In light of the newest HDR Concert, I figured it would be a good idea to bring back an old Compositing tutorial that is relevant to the Concert.  Compositing photos is a lot easier than you think, it just takes a bit of knowledge of Photoshop and some selection tools you may or may not be familiar with.

Here are 4 more tips for compositing:

  1. Don’t be afraid of layers!  They are your best friend!  By adding layers you can avoid making permanent changes to the layers below them.  This is called non-destructive editing and is probably the most important part of compositing.  Think of layers as sheets of transparency paper each with a different mark that makes up a picture.Like in high school when your Math teacher would put a graph on the projector and then place a piece of transparency paper on top of it to draw the Sin, Co-sin, and Tangent.  Oh crap, I may have just aged myself there!
  2. Try to match the lighting of your foreground subject to the atmosphere of the background.  There is always the debate, do you shoot your background first and then your subject to match the lighting or do you shoot the subject first and find a matching background with similar lighting?There really is no right or wrong way to do it.  In the case of this Concert, you have the background already so shoot your subject to match it.  One of the most common setups for compositing is a strong back light to accent the tops of the shoulders and the head.  This will allow the subject to fit almost seamlessly on any background as it will help separate them from the background.  The last thing you want to do is lose your subject in the background!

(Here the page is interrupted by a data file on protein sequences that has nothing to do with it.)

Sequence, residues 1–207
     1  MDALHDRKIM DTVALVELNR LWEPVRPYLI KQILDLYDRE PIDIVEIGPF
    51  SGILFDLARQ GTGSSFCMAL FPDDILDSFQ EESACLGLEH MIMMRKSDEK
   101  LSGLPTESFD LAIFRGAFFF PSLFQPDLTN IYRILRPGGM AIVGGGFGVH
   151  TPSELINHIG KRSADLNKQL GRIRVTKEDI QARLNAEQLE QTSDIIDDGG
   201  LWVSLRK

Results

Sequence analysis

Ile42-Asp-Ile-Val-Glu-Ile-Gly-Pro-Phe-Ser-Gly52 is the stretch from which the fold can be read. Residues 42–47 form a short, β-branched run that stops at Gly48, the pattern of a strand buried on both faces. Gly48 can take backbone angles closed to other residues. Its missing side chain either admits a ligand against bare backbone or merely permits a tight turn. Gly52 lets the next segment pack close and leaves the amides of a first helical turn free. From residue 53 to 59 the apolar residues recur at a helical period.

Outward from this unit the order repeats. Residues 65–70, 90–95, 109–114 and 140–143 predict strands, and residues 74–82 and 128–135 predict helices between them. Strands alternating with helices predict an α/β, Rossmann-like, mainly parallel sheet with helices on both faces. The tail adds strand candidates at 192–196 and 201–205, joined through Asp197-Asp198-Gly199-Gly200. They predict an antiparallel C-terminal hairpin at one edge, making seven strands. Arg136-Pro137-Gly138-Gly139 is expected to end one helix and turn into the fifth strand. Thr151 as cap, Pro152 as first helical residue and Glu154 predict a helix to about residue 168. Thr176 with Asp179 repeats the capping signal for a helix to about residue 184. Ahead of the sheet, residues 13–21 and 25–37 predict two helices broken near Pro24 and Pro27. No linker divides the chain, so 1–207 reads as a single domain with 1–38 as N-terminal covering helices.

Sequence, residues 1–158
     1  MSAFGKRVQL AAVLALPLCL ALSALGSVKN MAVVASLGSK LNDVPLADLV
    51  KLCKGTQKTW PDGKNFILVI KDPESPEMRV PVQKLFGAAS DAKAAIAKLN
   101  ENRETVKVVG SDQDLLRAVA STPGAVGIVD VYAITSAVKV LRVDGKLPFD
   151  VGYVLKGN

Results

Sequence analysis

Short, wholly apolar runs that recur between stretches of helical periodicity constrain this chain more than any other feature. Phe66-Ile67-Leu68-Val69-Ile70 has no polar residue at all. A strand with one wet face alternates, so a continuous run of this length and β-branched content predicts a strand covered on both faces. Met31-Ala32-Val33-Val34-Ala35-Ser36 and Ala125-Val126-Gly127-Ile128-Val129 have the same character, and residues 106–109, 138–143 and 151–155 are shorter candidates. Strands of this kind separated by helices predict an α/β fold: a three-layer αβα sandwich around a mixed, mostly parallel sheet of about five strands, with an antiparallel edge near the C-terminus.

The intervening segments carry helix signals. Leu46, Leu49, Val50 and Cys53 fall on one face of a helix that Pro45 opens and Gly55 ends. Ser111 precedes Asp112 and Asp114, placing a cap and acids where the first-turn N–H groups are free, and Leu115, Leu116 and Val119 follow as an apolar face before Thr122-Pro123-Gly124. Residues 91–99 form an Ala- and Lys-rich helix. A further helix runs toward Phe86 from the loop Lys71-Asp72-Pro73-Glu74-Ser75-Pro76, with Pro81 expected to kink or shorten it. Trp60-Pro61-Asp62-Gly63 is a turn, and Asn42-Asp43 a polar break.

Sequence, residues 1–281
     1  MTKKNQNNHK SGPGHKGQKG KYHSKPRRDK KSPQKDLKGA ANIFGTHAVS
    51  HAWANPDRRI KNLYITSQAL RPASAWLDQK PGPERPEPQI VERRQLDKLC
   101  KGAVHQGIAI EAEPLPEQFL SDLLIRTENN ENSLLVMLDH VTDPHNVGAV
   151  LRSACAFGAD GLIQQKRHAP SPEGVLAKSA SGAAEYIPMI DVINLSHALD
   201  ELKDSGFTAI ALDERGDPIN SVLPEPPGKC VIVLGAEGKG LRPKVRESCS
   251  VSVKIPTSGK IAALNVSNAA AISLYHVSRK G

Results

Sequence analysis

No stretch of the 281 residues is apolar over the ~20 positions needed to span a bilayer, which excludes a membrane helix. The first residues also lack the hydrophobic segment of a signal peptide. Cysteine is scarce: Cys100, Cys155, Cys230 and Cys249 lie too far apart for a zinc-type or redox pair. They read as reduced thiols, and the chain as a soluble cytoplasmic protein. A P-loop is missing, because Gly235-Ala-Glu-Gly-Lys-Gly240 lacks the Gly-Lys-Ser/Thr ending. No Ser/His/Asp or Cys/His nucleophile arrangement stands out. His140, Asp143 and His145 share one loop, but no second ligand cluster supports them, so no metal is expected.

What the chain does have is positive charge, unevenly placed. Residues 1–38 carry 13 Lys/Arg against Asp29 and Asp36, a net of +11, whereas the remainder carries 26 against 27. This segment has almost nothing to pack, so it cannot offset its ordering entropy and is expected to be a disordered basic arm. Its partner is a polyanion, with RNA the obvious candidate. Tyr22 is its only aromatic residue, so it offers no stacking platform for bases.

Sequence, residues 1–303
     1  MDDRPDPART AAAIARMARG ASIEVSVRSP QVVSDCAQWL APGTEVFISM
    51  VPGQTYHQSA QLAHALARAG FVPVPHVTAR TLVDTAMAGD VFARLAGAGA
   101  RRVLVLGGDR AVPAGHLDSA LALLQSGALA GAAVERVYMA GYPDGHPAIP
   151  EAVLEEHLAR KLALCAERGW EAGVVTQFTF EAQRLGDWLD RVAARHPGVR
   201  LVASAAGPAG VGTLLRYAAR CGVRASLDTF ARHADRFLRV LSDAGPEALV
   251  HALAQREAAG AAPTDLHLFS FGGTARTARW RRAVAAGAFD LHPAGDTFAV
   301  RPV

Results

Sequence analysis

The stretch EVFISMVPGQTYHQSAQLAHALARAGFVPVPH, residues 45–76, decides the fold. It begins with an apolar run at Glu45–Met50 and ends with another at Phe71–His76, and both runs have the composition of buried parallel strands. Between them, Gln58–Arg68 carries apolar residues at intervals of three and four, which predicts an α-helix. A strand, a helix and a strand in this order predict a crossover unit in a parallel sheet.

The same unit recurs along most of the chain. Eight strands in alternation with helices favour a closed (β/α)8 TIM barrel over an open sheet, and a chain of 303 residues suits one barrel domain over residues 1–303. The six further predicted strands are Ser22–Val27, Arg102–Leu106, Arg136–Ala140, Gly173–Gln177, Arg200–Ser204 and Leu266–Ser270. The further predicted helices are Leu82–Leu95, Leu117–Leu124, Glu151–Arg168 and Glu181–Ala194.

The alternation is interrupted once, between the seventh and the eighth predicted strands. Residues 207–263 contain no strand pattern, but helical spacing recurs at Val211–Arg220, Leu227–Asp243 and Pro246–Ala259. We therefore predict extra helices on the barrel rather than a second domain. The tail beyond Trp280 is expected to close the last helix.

3. Masking is your best friend!  This is a piggy back off of layering.  Use masking to blend your layers instead of selecting an area and deleting it.  This is helpful in case you need to bring an area back.  If you deleted it, it is lost and gone forever to the land of dead pixels.  However, if you mask out those areas you do not want, you can always go back later and paint them back in with white if a situation arises where you need some of those hidden elements.
  4. Add Shadows to your Foreground Subject!  Adding a shadow to the foreground subject will give them a sense of place in your image.  This is especially true with full figures where you see more than just a bust.  Place the shadows on or around their feet to give them a sense of weight within the composition.  Always keep in mind the direction of your light source in the background and add the shadow accordingly.  The first dead give away that  your subject does not belong in the photo will either be the lack of a shadow or a poorly added shadow that does not match the background light source.
Blake Rudis
f.64 Academy and f.64 Elite are the brainchildren of Blake Rudis. While he is a landscape photographer he is most passionate about post-processing images in Photoshop and mentoring others.

For Blake, it is less about the art and more about the process. He dives deep into difficult topics and makes them easy to understand through his outside the box thinking.
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